The Seattle Seahawks opened training camp on Thursday in Renton, Wash., and for the first time since 2012 did so after having missed the playoffs the previous year (9-7). With the Los Angeles Rams potentially on the verge of becoming elite and San Francisco showing signs of improvement, the Seahawks could be on the brink of sinking further down in the NFC West Division. To avoid such a fate, we present five mysteries the Seahawks must unravel during training camp:
Mystery No. 1: Can QB Russell Wilson carry this team?
Mystery No. 2: Will safety Earl Thomas report?
Mystery No. 3: Can wide receiver Brandon Marshall still ball?
Mystery No. 5: Will the run game become respectable?
Mystery No. 4: Can Seattle's defense be revived?
This is going to take some doing.
Seattle fell to 11th in total defense (323.2 yards per game) and tied with Dallas for 13th in scoring defense (20.8 points per) last season. In reality, those are not hideous numbers, but they represent a far drop from the glory years a short time ago. From 2012 through 2016, Seattle ranked in the top five in both categories and it led the league in both in 2013 and 2014, reaching the Super Bowl both seasons and winning one.
Complicating matters is that safety Earl Thomas is holding out over a contract dispute. Plus, defensive tackle Sheldon Richardson, who spent just one season in Seattle, left to Minnesota as a free agent.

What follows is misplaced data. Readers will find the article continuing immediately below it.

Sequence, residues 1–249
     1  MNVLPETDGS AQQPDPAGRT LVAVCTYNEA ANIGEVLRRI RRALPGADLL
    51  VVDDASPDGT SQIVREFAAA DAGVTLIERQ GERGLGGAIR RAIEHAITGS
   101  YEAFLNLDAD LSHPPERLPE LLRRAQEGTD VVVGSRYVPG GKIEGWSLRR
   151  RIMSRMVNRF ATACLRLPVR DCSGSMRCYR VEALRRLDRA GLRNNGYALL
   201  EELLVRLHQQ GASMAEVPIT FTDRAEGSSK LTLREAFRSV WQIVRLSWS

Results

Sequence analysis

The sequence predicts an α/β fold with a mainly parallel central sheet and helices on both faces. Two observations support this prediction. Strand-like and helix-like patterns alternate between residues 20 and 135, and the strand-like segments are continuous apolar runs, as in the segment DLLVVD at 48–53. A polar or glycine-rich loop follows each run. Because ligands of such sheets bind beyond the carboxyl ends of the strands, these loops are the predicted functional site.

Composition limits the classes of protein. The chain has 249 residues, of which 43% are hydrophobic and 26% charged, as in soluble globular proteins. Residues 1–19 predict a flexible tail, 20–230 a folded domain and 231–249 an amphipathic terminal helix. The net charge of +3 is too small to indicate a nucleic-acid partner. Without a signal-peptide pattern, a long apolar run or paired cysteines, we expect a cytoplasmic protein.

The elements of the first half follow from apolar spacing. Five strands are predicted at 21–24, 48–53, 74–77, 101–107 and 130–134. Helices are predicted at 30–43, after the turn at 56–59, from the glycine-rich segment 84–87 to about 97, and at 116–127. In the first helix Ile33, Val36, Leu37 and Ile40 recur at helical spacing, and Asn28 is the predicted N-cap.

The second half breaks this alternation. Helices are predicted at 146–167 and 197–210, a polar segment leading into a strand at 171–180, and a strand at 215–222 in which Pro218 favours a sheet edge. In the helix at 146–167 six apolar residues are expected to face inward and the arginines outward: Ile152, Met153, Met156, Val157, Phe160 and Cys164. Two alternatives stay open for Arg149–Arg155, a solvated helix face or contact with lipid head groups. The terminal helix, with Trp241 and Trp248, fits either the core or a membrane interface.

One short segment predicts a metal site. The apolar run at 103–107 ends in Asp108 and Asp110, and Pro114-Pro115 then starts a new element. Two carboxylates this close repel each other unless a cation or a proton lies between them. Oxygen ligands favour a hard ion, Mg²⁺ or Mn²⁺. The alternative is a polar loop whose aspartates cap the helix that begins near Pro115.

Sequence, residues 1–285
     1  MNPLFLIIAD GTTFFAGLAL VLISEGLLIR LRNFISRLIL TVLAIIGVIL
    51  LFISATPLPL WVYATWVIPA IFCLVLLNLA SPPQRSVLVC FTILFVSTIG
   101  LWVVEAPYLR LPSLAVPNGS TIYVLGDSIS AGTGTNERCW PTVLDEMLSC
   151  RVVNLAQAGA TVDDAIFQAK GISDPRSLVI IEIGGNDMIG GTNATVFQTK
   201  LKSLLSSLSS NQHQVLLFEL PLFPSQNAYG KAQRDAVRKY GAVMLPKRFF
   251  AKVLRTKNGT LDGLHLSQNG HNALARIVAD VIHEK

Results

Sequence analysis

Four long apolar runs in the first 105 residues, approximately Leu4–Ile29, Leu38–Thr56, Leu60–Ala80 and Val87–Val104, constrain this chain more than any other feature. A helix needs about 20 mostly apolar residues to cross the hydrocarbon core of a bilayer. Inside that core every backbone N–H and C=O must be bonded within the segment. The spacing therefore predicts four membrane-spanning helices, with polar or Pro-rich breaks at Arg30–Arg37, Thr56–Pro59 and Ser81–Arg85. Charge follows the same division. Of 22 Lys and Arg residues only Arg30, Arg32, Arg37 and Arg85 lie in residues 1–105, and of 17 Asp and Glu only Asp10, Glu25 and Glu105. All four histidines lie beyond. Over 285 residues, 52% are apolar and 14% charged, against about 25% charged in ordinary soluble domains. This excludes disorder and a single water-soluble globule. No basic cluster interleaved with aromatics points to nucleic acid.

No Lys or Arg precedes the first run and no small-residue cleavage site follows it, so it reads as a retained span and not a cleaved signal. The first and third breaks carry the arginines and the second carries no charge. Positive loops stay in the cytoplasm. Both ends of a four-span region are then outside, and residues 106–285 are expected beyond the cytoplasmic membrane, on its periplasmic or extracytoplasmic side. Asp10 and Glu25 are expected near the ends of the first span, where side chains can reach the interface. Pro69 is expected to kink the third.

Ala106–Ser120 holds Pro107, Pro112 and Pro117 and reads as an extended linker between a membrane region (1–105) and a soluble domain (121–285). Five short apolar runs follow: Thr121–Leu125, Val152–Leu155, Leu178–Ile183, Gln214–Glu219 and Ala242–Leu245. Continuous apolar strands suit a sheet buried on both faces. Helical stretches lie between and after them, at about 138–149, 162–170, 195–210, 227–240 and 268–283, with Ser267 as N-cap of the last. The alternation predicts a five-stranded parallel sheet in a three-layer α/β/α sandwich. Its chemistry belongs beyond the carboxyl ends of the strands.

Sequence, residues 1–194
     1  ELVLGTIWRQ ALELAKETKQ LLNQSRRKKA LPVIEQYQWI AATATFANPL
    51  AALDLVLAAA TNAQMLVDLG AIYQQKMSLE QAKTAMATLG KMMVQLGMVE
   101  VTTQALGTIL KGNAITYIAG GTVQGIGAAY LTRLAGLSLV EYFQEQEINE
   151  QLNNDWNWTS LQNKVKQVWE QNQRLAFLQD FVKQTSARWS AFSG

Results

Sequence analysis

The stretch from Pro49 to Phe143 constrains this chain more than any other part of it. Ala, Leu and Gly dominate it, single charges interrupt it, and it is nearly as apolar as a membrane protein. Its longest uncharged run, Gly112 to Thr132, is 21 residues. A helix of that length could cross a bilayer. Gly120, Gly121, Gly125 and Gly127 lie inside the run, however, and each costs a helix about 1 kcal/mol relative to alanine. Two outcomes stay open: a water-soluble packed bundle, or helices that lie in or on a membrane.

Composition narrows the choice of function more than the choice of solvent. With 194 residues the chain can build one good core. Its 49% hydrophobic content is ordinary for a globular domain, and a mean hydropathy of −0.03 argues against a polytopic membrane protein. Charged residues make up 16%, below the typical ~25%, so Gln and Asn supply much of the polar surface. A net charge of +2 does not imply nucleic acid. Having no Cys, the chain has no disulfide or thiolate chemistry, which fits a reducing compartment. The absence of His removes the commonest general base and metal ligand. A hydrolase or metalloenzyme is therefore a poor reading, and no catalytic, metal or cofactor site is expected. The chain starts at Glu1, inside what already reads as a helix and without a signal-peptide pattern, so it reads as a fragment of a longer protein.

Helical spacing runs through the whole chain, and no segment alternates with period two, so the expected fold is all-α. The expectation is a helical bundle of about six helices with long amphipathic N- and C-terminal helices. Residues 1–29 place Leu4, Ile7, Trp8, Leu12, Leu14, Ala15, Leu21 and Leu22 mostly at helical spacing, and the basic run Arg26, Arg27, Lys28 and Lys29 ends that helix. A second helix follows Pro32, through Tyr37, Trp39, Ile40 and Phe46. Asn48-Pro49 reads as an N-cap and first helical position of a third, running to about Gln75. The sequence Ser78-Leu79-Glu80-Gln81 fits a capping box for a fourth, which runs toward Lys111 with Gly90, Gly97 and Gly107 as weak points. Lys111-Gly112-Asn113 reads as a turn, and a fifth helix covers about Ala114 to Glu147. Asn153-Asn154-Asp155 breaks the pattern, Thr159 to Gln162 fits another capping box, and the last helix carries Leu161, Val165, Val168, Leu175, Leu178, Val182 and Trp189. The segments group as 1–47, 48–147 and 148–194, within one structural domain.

Fun times ahead for new defensive coordinator Ken Norton Jr.
Although linebackers Bobby Wagner and K.J. Wright, and cornerback Byron Maxwell, who left following the 2014 season only to return last season, remain, there is a huge void of proven stars on this defense.
But all hope is not lost. It's not as if the defense fell into the abyss last season. Seattle's brass hopes that it has done a good enough job of drafting and signing free agents to plug in impactful replacements, and see the further development of already emerging talent.
Defensive end Frank Clark had 19 sacks over the previous two seasons while mostly backing up Bennett and Avril. Defensive end Dion Jordan, a former top five pick by Miami who is out for a couple of weeks with an injury, came to Seattle last season and had four sacks in five games. If he can stay healthy, Seattle will have two disruptive pass rushing defensive ends to work with. Then the Seahawks have to hope that 2018 third-round pick Rasheem Green out of USC pans out.
Losing Richardson inside hurt, but Seattle countered by adding defensive tackles Tom Johnson and Shamar Stephen, who both happened to play for Minnesota's top-ranked defense last season. Johnson started 15 games for the Vikings.
What we know is that Pete Carroll can coach and develop championship talent. We also know that he and general manager John Schneider can identify diamonds in the rough that eventually become stars.
What we don't know is if they will work that combined magic again.